According to the present invention there is provided a multi-functional electronic watch having electro-optical display means, including a data processing circuit, a writing surface comprising a plurality of pick-up electrodes embedded in the glass of said watch, interface means connecting said pick-up electrodes to said processing circuit, so that symbols traced on said writing surface corresponding to data to be processed and to instructions for processing are supplied to said data processing circuit.
The entering device for data thus permits recognition, amid a limited and predetermined alphabet, of the entering data thanks to the information provided by the sequence corresponding to the manual tracing of the symbol associated with the entering data.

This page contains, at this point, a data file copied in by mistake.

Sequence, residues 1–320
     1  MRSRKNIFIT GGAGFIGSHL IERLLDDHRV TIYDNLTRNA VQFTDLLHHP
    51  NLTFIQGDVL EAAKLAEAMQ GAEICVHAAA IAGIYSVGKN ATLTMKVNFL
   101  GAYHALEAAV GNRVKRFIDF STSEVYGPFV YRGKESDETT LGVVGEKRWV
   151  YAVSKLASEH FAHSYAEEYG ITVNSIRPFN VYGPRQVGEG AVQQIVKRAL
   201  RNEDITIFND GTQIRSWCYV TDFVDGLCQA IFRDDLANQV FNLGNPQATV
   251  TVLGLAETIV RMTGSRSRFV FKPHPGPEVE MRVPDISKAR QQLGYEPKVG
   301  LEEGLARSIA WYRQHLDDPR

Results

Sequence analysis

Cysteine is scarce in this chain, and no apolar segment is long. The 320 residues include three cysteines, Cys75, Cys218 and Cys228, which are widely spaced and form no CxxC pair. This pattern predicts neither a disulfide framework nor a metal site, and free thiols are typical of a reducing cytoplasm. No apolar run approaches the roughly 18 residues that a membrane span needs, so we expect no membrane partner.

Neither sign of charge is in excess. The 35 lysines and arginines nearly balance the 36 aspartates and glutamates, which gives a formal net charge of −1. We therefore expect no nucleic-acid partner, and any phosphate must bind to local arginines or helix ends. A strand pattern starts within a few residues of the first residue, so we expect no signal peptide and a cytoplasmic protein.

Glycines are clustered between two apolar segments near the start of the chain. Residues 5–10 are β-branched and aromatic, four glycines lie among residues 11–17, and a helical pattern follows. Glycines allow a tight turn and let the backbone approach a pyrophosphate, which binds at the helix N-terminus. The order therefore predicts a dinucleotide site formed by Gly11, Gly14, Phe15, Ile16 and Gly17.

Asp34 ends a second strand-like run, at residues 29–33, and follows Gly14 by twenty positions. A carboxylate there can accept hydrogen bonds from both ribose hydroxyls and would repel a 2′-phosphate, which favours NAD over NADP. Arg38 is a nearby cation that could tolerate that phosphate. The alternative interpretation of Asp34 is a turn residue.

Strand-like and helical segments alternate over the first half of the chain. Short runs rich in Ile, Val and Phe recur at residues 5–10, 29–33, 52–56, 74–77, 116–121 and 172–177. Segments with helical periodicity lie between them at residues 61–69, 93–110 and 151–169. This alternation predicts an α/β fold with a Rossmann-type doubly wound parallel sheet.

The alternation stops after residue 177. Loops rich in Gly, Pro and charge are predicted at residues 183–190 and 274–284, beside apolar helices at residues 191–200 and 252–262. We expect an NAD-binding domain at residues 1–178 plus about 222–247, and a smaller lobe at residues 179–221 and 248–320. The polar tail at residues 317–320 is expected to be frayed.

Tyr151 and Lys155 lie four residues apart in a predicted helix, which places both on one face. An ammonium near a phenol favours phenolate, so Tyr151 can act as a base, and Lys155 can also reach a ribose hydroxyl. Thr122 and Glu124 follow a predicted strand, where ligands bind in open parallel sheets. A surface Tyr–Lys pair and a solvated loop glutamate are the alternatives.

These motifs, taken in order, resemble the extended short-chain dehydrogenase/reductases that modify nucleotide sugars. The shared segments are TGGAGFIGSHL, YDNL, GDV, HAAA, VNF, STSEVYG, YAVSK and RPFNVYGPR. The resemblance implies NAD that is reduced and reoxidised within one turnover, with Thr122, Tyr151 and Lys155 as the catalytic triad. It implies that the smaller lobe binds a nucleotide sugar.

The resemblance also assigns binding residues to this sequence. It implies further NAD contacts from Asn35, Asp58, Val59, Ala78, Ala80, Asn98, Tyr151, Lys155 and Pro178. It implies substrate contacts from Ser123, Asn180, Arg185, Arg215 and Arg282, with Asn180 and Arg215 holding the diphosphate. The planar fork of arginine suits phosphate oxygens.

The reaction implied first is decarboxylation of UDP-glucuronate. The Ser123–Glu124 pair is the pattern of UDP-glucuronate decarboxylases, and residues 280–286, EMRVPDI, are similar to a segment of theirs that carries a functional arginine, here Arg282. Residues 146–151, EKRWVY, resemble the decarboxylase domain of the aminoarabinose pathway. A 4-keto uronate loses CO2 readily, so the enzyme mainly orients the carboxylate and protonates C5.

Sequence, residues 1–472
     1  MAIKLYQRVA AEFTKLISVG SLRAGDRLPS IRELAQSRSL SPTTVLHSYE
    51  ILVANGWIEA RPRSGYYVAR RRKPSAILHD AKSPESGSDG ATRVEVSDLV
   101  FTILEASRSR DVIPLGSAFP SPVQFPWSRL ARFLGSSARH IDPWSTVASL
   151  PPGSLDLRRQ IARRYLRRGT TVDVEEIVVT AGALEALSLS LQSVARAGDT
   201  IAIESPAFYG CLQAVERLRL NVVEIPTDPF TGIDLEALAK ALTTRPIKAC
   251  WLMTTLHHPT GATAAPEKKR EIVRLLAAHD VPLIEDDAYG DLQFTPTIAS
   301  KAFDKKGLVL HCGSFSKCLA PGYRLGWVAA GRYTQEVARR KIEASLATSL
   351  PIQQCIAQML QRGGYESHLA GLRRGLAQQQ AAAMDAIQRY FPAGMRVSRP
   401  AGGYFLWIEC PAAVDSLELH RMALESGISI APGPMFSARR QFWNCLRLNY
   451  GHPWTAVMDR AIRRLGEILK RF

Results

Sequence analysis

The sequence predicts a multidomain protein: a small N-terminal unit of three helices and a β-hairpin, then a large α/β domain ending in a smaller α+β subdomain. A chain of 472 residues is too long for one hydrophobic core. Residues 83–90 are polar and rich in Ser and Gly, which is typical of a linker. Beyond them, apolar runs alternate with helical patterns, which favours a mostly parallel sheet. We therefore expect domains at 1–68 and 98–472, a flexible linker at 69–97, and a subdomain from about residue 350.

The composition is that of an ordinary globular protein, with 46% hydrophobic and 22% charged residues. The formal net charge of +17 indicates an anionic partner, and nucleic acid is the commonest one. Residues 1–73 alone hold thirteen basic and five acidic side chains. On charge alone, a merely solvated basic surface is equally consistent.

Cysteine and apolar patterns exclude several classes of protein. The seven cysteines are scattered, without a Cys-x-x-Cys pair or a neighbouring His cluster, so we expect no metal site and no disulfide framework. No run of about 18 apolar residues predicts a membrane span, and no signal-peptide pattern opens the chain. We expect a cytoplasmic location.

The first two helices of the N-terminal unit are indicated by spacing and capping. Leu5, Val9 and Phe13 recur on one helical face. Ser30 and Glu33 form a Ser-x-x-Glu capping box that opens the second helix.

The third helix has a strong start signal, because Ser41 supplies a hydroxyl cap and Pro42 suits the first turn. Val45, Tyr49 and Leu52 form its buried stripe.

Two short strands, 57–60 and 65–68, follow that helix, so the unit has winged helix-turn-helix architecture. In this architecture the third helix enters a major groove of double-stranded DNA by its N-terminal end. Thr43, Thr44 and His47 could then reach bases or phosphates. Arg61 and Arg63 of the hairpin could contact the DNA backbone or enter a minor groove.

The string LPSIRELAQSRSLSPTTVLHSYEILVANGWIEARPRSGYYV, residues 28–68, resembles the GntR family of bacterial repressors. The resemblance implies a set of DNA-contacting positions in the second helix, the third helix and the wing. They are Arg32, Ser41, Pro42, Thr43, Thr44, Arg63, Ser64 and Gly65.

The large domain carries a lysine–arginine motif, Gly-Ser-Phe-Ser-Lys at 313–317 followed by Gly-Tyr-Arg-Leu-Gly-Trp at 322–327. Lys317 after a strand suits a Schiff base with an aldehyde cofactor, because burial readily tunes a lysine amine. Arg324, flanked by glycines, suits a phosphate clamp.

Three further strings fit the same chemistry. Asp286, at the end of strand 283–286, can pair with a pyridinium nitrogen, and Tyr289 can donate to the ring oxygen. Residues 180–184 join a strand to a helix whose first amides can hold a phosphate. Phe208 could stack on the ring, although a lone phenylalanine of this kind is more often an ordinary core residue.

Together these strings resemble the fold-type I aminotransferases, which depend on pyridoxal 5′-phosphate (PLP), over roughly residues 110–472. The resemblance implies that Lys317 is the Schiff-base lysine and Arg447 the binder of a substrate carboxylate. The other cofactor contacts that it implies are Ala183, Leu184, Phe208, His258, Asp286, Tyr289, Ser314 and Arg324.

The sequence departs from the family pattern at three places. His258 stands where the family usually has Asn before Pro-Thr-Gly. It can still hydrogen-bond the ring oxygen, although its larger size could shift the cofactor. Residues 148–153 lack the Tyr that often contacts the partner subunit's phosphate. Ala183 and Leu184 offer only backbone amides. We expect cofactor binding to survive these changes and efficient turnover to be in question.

Advantages of the present invention will become apparent upon consideration of the following description when taken in conjunction with the accompanying drawings in which:
FIG. 1 is a perspective view of a multi-functional wrist watch combining the functions of time-indication with the function of a calculator and being provided with a device permitting the entry of data for the calculator;
FIG. 2 is a block diagram of the circuit associated with the wrist watch of FIG. 1;
FIG. 3 is a diagram of the function selector for the watch or calculator;
FIG. 4 shows the device for energizing the calculator;
FIG. 5 is a element of the multiplexer;
FIG. 6 shows the circuit for detection and triggering the output signals of capacitive pick-ups;
FIGS. 7, 8, 9 and 10 show details of construction which illustrates the principles of construction of the pick-ups.